3. Greg Glockner | July 28, 2008 at 4:35 pm | Permalink

    Mike: I had the same reaction about the emphasis on business rules.

  4. Michael Trick | July 28, 2008 at 5:02 pm | Permalink

    In fact, given IBM’s strong support for open source, I’m looking forward to CPLEX being open sourced in no time at all! OK, probably won’t happen, but IBM does seem to be a very good home. One possible worry: IBM (like Fair-Isaac) is not really a “product” company. Can they market the software?

  5. Matthew Saltzman | July 28, 2008 at 7:41 pm | Permalink

    Whether IBM can open CPLEX will depend on the agreements they make with ILOG and CPLEX principals to obtain it and whether there are prior agreements for technology in CPLEX that will have to be honored, as well as whether they want to continue it as a proprietary product–which depends on what they think the market is.

    I believe part of the reason they didn’t open OSL had to do with such obligations. (That’s also the reason nVidia claims they can’t open their video card drivers.)

  6. Anurag Verma | July 28, 2008 at 7:44 pm | Permalink

    Thanks for pointing that out. Being new to OR, I’m still not very aware of the who’s who in the community.

  7. Irv Lustig | July 29, 2008 at 11:29 am | Permalink

    See this article for analysis and quotes.

  8. Haluk Akin | July 29, 2008 at 2:43 pm | Permalink

    I wonder how they will make sure knowledge does not flow between COIN-OR and CPLEX.

{ 8 } Trackbacks

  1. [...] CPLEX’in sahibi ILOG’u satın almak için görüşmelere başladığını duyurdu. Michael Trick’in de kendi blog’unda ayrıntılı olarak yer verdiği gelişme yöneylem araştırması açısından büyük önem [...]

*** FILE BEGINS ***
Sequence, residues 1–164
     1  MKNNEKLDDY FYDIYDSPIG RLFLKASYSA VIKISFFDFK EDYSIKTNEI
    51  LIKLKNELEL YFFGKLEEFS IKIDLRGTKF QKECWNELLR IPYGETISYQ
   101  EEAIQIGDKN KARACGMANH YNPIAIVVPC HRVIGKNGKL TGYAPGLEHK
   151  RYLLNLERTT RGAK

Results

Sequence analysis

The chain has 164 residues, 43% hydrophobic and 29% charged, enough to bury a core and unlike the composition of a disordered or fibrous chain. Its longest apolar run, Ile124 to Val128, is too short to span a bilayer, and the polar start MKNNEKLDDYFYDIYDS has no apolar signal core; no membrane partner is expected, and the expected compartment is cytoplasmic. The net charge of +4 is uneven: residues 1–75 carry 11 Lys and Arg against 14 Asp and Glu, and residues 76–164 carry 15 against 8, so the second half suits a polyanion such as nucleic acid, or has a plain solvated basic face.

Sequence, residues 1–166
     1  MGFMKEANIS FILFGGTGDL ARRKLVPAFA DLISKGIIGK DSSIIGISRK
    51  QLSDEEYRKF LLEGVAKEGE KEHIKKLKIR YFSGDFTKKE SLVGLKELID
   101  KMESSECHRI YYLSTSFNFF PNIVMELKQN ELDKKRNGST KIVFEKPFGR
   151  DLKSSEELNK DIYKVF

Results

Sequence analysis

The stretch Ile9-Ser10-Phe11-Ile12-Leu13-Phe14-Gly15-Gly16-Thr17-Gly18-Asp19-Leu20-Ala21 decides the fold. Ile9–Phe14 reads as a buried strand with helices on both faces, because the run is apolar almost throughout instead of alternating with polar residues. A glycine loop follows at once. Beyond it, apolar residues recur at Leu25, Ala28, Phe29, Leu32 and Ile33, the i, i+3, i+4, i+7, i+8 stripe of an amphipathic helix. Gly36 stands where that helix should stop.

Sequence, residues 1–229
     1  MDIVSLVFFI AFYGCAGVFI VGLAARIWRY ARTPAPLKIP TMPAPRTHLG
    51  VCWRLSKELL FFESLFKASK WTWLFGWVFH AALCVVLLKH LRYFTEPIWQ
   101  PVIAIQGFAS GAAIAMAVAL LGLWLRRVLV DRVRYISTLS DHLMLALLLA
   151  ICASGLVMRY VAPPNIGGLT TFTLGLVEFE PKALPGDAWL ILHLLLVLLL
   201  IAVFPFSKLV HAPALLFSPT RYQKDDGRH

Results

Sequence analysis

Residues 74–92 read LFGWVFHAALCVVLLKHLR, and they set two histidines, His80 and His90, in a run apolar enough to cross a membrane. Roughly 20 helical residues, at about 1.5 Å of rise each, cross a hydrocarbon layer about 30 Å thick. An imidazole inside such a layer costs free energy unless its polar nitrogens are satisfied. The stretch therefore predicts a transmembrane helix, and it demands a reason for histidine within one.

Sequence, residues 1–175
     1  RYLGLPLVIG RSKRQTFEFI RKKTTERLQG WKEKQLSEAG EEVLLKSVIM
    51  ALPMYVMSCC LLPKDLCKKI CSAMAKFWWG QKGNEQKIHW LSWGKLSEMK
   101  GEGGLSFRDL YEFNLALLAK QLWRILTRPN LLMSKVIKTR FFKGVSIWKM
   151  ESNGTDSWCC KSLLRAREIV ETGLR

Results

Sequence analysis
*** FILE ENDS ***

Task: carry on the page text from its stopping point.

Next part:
2. [...] other ILOG products. For example, Professor Michael Trick – a past president of INFORMS – wrote: “It is interesting that most of the announcement is about rules, not optimization.” This concern is echoed in the reader comments that follow Trick’s article. Since hearing the [...]

  3. [...] is also relevant to the recent IBM/ILOG acquisition.  We’d all love to hear from the ILOGers and IBMers on what they think it means.  I would [...]

  4. [...] by JDA Software for $346, continuing a wave of acquisitions in the optimization world (including ILOG and Dash). While this acquisition stays within the “supply chain optimization” space, [...]

  5. [...] October 13. I have been asked to note that CPLEX is sold by ILOG, not IBM.  You can see some past posts on the proposed acquistion of ILOG by IBM, but that has not yet been approved by the powers that [...]

  6. [...] the world of OR, this year will go down as a year full of flux in the commercial world.  ILOG is acquired by IBM (not quite yet, but things are underway); Dash is acquired by Fair-Isaac; Gurobi announces its [...]

  7. [...] “Official Response Document” that ILOG prepared responding to IBM’s offer is fascinating reading.  I particularly liked the “Historical Background” (pages 5-10) [...]

  8. [...] hate to be a broken record on this (there is an archaic metaphor), but note the URL for the IBM site with information on the [...]